There are a range of business models that can support the creation and sustainability of OER. However, many of the existing OER services were established with ‘one-off’ initial funding by philanthropic organizations, government, or institutions, and sustainability has become a significant question in recent years. Several services have developed strong communities which come together through sharing both practice and resources, which helps to sustain and support continued development of OER (Source).
Although OER is free to access, it does require significant investments to develop quality OER. For example the MIT OCW Evaluation Findings Report in 2006 stated that MIT OCW’s cost to open a course ranged from USD 10,000 to 15,000 per non-video-based course to USD 30,000 per video-based course. Utah State University (USU) reported that their cost to open one course was approximately USD 5,000 (Butcher & Hoosen, 2012) .
For OER development to be sustainable and successful, the business models applied need to be flexible and dynamic to the changes that happen so rapidly in today’s knowledge and innovation economy.
The Good Intentions report identifies and examines a range of business models for sharing OER (International, National, Institutional, Sectoral, Subject Discipline), and found that many were in transition towards adapting their models towards more openness. Also, this report highlighted that the development of Communities of Practice around open learning and teaching materials was highly likely to impact on sustainability through the development of networks of people sharing practice and content. Utilising existing communities or networks is likely to be even more sustainable as the members are likely to have already identified common understandings, languages and cultures (Source).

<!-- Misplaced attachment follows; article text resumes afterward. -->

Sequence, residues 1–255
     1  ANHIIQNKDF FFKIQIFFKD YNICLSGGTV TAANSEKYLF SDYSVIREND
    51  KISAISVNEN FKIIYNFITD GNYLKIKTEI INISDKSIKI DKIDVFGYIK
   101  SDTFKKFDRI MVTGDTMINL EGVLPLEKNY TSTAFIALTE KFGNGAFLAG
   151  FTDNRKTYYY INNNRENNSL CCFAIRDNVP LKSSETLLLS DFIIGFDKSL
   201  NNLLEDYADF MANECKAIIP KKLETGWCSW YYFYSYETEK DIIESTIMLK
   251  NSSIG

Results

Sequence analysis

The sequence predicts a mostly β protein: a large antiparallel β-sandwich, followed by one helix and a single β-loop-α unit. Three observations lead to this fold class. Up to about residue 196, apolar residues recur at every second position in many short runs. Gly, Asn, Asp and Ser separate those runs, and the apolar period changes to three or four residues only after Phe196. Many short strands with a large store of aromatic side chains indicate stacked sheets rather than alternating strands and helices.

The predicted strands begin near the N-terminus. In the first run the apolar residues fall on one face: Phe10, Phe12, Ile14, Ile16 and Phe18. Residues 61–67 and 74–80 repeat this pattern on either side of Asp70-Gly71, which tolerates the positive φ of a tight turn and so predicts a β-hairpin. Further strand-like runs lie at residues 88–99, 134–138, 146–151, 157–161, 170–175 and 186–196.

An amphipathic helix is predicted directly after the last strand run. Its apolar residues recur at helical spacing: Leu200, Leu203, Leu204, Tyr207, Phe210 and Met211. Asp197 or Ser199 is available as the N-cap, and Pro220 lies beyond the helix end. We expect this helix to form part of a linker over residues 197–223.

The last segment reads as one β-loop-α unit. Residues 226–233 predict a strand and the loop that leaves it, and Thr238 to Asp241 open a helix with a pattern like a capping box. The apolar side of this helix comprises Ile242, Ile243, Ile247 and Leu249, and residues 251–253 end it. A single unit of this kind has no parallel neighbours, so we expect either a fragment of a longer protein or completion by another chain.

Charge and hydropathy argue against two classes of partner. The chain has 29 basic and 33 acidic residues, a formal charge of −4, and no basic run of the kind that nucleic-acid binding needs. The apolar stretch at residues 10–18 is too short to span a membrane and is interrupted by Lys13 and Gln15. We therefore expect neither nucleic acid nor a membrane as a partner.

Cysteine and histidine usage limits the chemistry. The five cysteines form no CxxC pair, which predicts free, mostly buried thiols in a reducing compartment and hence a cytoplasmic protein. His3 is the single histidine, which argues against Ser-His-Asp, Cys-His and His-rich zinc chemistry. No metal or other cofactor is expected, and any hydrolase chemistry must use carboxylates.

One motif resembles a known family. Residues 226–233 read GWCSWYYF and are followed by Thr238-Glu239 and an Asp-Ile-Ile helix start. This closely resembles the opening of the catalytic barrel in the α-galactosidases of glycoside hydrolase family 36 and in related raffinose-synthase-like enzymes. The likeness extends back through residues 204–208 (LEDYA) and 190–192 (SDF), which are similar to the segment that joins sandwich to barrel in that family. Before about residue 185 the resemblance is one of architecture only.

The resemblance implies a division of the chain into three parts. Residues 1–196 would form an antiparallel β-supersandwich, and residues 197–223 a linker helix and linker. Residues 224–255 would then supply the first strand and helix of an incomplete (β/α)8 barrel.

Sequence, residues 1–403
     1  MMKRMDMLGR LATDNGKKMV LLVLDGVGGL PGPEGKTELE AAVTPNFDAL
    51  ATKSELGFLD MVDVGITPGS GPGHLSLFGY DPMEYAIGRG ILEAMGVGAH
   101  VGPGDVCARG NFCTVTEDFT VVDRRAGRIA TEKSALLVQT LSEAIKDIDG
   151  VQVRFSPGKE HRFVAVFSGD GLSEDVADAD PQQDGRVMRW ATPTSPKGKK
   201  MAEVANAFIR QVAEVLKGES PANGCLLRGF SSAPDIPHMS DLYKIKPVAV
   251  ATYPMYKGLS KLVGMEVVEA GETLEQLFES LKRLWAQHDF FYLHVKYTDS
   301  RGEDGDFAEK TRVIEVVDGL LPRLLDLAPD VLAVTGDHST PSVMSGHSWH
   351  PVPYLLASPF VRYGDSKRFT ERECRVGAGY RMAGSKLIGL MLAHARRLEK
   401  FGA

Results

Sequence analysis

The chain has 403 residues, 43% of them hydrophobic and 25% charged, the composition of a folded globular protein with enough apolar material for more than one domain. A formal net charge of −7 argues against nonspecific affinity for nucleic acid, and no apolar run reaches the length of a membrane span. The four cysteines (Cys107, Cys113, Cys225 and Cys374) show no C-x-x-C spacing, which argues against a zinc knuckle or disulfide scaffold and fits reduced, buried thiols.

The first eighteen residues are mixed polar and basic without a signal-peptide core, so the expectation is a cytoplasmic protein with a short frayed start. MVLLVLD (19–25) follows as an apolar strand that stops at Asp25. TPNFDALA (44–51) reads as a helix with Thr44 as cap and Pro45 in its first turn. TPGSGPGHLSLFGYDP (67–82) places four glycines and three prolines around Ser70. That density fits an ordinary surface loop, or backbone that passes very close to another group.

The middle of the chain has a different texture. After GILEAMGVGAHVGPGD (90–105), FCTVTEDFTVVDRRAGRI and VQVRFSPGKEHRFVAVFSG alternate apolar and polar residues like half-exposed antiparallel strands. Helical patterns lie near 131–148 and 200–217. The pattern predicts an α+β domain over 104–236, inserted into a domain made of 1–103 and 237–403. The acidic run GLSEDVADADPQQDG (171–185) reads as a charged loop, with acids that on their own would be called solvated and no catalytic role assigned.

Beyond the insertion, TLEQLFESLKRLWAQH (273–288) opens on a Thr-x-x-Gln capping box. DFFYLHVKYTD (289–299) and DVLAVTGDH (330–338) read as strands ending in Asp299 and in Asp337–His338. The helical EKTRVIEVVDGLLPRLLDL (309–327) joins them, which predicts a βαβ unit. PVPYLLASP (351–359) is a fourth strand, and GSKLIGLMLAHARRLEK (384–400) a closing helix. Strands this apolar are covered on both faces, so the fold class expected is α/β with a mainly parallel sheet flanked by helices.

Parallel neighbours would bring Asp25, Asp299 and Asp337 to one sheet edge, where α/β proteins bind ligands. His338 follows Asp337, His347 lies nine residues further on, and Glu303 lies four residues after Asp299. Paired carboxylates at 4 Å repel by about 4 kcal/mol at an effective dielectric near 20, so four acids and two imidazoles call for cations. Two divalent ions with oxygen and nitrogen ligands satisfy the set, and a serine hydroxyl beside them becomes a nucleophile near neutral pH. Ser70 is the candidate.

Alsagoff, Z.A. (2013) OER Funding Models (CC-BY-NC).
From an OER funding perspective, Stephen Downes has identified 8 ways how this can be done:
Charity or large organisation pays for content creation and dissemination.
Institutions/organisations pay to be part of larger consortium that handles creation and dissemination.
Public fund cost of creation and dissemination of resources.
Resources created and disseminated for free with consumers converted into paying customers.
Creator of resources pay for creation and dissemination.
Cost of content creation and dissemination borne by sponsors in return for advertising space/promotion
Educational institution pays for content creation and dissemination as part of its mission/mandate.
Content creation and dissemination of resources relevant to governmental aims and objectives funded centrally by the state.
Overall, to make OER development and sharing sustainable over time, it is also essential to engage all the key stakeholders to get ‘buy-in’ (Deans, top management, academics, students, sponsors, etc.), especially regarding the benefits, challenges, and commitments needed to succeed in a long-term perspective.
For a survey of Open business models not limited to education, click here.
OER, development, sharing, sustainability, access, business, models, endowment, conversion, institutional, donations, contributor, government, membership, sponsorship
Butcher, N., & Hoosen, S. (2012). Exploring the business case for Open Educational Resources. Retrieved from http://oasis.col.org/handle/11599/57
Alsagoff, Z. A. (2013) The OER Workshop at OUM! (CC-BY-NC-SA) Retrieved from http://www.slideshare.net/zaid/the-oer-workshop-at-oum/
Stacey, P. (2016). What is an open business model and how can you generate revenue? Retrieved from https://medium.com/made-with-creative-commons/what-is-an-open-business-model-and-how-can-you-generate-revenue-5854d2659b15#.9quib8eyz